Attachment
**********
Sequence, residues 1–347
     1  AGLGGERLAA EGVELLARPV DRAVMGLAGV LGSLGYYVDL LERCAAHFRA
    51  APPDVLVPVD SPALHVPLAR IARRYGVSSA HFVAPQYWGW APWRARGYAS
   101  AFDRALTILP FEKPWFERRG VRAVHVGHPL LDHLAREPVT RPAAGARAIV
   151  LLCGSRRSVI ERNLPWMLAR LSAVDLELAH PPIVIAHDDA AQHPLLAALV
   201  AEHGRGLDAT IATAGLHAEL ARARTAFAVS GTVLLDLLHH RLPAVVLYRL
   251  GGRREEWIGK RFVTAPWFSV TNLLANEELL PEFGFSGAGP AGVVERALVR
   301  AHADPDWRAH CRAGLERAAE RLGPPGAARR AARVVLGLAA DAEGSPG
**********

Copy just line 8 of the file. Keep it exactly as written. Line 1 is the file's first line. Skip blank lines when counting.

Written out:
   301  AHADPDWRAH CRAGLERAAE RLGPPGAARR AARVVLGLAA DAEGSPG